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"Color is the subject matter of painting. It possesses a powerful emotive quality, unique in each individual. Regardless of style or content, color is the material from which paintings are made." K. Benjamin
Karl Benjamin (Dec. 29, 1925, Chicago – July 26, 2012), an American painter of vibrant geometric abstractions, who rose to fame in 1959 as 1 of 4 Los Angeles-based Abstract Classicists and subsequently produced a critically acclaimed body of work that explores a vast array of color relationships. Working quietly at his home in Claremont, CA, he developed a rich vocabulary of colors and hard-edge shapes in masterful compositions of tightly balanced repose or high-spirited energy. At once intuitive and systematic, the artist is, in the words of critic Christopher Knight, "a colorist of great wit and inventiveness."
He enrolled at Northwestern University in 1943, but dropped out to join the US Navy during World War II. In 1946, after 3 years of military service, he moved to California to study English literature, history and philosophy at the University of Redlands with the help of the G.I. Bill. He received a BA degree and California teaching credentials in 1949.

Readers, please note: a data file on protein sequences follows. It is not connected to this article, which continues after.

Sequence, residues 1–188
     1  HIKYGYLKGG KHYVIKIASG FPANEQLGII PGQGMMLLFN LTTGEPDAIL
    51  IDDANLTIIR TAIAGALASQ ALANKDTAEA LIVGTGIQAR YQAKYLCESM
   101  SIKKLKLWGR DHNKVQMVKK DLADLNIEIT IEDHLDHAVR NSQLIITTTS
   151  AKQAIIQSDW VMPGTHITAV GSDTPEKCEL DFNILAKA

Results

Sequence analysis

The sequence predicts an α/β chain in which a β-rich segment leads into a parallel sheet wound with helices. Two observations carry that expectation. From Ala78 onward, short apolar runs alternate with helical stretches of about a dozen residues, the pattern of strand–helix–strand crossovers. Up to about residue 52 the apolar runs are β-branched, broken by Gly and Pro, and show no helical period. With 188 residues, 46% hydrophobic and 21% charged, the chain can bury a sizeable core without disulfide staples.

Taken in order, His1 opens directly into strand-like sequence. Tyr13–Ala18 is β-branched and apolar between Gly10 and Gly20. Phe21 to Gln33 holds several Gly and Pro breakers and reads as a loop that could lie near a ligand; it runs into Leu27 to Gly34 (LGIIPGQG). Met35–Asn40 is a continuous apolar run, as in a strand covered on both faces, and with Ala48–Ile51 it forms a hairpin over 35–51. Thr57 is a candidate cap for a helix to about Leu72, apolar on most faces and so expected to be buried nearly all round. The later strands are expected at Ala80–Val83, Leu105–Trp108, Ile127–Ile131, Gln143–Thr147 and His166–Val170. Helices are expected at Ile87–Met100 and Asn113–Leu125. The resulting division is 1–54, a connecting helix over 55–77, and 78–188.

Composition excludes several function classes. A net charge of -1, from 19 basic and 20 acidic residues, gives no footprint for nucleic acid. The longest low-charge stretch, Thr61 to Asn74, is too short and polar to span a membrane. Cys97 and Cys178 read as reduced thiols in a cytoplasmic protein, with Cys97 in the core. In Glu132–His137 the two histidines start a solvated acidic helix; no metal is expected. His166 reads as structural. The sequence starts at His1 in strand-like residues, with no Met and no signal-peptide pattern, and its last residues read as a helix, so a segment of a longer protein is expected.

With no formal education in art and no thought of becoming an artist, Benjamin married Beverly Jean Paschke, and began teaching in an elementary school in Bloomington, California in 1949. He started a family..., moved to Claremont in 1952, and subsequently taught in Chino for the next 30 years.
Benjamin's interest in art emerged serendipitously. Asked to develop art lessons for his students’ curriculum, he began working with crayons and became fascinated with the phenomenon of how colors can appear to change when juxtaposed with others. Eager to learn more, he took classes at the Claremont Graduate School (now Claremont Graduate University) and received an MA degree in 1960. By then, he was a serious painter and color was his subject matter.
.... More at https://en.wikipedia.org/wiki/Karl_Benjamin)